Death of Superman Review

Posted: January 15, 2011 in All, Comic Books, Reviews
Tags: , , ,

An Iconic Image


I bought the “best selling graphic novel of all time,” the death of Superman.

Firstly, when Doomsday first appears, Superman is fighting some monsters under Metropolis. Later, when Doomsday is besting the JLA, he’s giving an interview to school kids.

It’s got to be difficult to have a character so powerful that you’ve got to make excuses in order to move a story along.

In a more recent comic, the city of Kandor was expanding, and that’s why Superman didn’t hear Pa Kent have a heart attack.

So if there’s anything to be learned from this, don’t write yourself into a corner. Don’t have a god as a main character.

Panel Breakdowns

In the last four issues of the story, the panels are rigidly controlled. Four panels a page for an entire issue. Then three. Two. The issue where Superman dies is entirely made up of splash pages.

I knew about this beforehand, and made a mental note to pay attention to it, but didn’t notice it until they were all two panels per page. And that’s only because the 2nd and 3rd pages are a weird kind of 3/4-splash that caught my eye. It was very subtle. I remember reading just the “death of” issue soon after it came out, but I didn’t recall the splash pages.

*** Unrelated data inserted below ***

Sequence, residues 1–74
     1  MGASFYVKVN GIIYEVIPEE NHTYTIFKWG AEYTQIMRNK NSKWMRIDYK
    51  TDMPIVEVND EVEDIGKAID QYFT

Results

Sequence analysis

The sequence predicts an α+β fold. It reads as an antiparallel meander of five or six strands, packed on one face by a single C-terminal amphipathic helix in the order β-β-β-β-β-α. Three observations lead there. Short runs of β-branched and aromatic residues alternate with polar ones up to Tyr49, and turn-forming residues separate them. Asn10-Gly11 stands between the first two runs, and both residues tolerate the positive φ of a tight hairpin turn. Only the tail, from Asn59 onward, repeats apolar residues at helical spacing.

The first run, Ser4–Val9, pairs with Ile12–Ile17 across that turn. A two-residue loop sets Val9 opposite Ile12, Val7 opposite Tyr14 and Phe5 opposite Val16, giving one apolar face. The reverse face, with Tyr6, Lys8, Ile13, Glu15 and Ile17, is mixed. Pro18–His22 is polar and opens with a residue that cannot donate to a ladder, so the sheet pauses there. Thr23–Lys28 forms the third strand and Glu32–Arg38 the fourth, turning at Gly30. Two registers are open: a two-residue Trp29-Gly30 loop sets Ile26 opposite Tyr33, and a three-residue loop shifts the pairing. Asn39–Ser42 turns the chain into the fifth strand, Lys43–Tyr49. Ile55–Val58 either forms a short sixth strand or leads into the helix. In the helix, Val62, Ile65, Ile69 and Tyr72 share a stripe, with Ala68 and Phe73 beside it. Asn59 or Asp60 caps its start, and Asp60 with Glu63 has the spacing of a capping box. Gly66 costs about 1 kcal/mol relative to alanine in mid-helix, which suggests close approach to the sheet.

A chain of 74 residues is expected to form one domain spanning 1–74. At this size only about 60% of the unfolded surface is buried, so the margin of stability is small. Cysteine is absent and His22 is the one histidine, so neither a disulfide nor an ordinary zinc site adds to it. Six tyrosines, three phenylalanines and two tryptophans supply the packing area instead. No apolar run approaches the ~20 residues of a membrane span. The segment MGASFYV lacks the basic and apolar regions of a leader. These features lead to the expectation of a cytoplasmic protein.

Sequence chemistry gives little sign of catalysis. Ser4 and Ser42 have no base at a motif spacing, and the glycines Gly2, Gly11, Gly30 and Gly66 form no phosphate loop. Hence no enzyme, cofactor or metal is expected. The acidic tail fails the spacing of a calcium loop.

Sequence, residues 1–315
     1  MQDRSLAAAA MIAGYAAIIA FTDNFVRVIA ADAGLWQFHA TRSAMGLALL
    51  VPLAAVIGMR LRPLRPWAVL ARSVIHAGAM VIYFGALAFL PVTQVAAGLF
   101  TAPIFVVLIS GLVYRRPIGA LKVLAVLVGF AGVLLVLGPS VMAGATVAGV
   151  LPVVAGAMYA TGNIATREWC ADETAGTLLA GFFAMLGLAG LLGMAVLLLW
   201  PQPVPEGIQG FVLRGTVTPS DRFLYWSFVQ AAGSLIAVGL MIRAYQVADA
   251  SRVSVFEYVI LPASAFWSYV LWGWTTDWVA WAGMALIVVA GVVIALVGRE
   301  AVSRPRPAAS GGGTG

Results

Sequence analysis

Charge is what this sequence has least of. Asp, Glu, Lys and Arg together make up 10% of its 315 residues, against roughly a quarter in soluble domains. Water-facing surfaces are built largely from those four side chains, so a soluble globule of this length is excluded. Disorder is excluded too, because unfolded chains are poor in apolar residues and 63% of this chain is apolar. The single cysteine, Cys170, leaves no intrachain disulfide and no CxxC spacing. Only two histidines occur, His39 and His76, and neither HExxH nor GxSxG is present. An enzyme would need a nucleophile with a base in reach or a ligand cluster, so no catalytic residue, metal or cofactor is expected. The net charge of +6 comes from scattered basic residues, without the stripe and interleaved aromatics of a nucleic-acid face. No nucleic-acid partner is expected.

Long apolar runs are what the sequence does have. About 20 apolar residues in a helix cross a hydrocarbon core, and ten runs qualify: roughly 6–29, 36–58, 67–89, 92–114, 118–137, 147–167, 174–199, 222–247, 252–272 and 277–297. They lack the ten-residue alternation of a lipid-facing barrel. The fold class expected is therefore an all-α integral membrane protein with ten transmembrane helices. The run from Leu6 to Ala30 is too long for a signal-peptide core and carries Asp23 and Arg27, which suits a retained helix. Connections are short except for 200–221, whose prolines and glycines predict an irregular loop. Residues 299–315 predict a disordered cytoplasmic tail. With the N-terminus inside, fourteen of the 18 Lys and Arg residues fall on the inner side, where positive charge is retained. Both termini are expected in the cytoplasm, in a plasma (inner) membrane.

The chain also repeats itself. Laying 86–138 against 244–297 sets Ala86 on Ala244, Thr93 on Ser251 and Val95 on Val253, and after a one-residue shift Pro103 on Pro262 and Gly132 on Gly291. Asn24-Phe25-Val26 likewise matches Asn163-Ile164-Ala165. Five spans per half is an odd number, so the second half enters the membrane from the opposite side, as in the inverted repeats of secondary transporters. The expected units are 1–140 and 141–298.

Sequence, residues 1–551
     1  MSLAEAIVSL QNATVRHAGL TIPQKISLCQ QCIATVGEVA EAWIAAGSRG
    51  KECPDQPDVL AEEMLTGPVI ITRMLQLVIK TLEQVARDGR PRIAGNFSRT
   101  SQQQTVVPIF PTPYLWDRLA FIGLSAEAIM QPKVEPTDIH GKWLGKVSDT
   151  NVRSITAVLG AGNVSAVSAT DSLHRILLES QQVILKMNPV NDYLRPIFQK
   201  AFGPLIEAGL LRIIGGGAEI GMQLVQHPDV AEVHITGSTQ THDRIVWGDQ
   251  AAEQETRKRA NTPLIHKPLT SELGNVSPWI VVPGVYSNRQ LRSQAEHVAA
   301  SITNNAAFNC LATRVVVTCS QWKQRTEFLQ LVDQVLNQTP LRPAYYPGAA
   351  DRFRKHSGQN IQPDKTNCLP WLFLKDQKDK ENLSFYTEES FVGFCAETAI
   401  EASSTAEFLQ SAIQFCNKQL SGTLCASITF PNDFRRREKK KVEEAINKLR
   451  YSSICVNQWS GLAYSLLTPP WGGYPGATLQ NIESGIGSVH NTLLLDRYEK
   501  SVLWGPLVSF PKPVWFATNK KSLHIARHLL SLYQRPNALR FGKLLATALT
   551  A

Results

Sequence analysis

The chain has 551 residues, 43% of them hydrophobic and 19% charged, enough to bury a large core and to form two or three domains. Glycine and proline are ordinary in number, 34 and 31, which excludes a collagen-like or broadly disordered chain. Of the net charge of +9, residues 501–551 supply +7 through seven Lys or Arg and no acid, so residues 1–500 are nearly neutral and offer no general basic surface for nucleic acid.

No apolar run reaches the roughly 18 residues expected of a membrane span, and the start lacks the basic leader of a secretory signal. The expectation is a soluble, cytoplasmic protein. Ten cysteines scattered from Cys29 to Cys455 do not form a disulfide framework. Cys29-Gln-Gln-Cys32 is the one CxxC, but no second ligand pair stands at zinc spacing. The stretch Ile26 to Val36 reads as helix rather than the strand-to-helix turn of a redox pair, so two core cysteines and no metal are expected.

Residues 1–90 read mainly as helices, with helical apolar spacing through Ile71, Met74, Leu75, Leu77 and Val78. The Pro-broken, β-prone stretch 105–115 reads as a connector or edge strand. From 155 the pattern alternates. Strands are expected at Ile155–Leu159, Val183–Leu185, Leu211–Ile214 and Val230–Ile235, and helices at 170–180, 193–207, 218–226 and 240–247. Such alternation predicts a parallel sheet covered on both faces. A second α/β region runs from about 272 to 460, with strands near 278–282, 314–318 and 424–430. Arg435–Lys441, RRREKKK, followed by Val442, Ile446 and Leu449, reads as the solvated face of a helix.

It’s an amazingly quick read. It’s almost all one long fight. It’s like what my friend Gary said when Maximum Carnage was going: “It’s the best story I’ve ever read that has no plot.”

I think if I was reading these issues as they were being released, I’d feel the storyline was wanting. But now, it’s been more than a decade since it’s been out, and discussed ad nauseum. There’s a certain mystique to it. And the creators have talked about how they wanted Doomsday to be this force of nature. This unstoppable unknown. But I still want to know more. Maybe later they give the answers.


My wife was flipping through the book when I got it. “Why does Lex Luthor have long red hair and a beard? And why is Supergirl in love with him?” Yeah. I didn’t know either. The hundreds of thousands who flocked to pick up these books probably didn’t, either. It definitely didn’t have a good jump-on point for new readers.

For coverage of the stories after this: The World Without Superman, and the Return of Superman, click here:


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